Previous results suggest the presence of a barrier to exchange of flower color alleles (Whibley *et al.* 2006) and indicate that selection maintains differences in flower color (Ellis 2016). Therefore, we also applied our method to a subset of polymorphic markers in the genetic neighborhood of two genes known to affect flower color variation in the hybrid zone, *Rosea* and *Eluta*. However, bootstraps estimates varied widely for all tested barrier locations (results not shown), which indicates that there is not enough signal in the data. This is likely due to the low number of suitable SNP markers without steep allele frequency clines near this region in our dataset (< 10). Simulations confirmed that for this low number of markers there is not enough power to detect even strong barriers (Supp. Text 1).

## Discussion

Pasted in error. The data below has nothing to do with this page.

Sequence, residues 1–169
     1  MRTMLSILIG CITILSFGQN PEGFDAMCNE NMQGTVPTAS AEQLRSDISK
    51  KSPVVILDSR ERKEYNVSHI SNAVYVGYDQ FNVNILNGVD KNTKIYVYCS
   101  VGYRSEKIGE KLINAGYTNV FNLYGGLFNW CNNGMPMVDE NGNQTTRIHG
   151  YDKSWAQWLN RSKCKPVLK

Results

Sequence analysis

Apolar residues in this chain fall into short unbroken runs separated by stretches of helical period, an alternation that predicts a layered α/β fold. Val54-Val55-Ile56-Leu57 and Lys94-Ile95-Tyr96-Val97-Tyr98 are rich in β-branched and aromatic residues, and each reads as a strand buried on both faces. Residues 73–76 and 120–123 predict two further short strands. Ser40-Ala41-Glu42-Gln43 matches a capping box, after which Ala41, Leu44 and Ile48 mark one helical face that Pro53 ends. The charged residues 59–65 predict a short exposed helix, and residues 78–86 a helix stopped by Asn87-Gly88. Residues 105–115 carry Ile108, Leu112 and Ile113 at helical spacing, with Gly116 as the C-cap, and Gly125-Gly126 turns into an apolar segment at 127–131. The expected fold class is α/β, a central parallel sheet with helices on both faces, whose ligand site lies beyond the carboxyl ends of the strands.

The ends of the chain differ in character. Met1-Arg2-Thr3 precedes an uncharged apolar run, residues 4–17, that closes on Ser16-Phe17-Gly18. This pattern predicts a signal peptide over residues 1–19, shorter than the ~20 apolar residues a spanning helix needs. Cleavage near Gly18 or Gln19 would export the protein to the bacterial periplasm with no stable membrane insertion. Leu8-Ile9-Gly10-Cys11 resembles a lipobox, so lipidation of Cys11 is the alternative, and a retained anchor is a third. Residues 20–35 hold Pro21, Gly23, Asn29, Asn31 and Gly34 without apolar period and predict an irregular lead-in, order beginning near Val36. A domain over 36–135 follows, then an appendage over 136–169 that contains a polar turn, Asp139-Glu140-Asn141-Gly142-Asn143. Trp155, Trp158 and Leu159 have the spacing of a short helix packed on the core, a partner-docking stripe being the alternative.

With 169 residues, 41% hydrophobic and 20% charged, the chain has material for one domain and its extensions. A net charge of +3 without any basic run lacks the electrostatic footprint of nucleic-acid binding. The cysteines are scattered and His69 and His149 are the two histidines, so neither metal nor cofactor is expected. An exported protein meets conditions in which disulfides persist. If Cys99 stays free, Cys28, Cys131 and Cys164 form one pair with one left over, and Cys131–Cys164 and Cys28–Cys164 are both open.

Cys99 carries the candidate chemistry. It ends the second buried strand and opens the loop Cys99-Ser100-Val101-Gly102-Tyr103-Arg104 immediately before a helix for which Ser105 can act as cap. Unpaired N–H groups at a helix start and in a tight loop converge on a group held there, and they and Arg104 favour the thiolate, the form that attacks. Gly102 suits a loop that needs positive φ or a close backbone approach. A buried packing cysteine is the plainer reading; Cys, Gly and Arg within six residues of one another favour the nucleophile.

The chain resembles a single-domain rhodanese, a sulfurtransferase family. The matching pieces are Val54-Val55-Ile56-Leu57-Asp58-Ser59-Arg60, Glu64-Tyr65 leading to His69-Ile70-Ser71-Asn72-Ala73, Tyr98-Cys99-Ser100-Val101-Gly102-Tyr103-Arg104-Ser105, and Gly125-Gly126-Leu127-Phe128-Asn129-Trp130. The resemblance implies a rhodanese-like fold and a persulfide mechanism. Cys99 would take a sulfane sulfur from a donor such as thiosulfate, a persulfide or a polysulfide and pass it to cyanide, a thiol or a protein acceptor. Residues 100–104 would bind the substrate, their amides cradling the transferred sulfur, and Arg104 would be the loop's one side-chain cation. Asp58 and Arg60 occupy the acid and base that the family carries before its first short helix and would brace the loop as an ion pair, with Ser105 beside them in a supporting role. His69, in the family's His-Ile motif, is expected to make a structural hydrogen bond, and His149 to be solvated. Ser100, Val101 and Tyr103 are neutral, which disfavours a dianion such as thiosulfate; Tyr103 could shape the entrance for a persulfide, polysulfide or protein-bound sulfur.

To our knowledge, our scheme is the first method that infers the strength of the barrier based on an explicit spatial population genetic model. There are several similarities with the inference method BEDASSLE (Bradburd *et al.* 2013), which aims to disentangle the effects of geographical isolation by distance and differences in ecological variables. This scheme is not based on an explicit population genetic model, but rather fits the decay of genetic similarity with distance to a heuristic formula. In light of possibly very complex demographic structure this method is not necessarily worse than fitting our spatial model. However, this approach does not take the increased covariances on the same side of a barrier into account, and does not make use of some valuable signal because of that. Moreover, it uses a MCMC approach that is based on a model of Gaussian random Fields, which is computationally too expensive to apply to hundreds or even thousands of individuals or demes. In contrast, our method is well suited to data sets of this magnitude.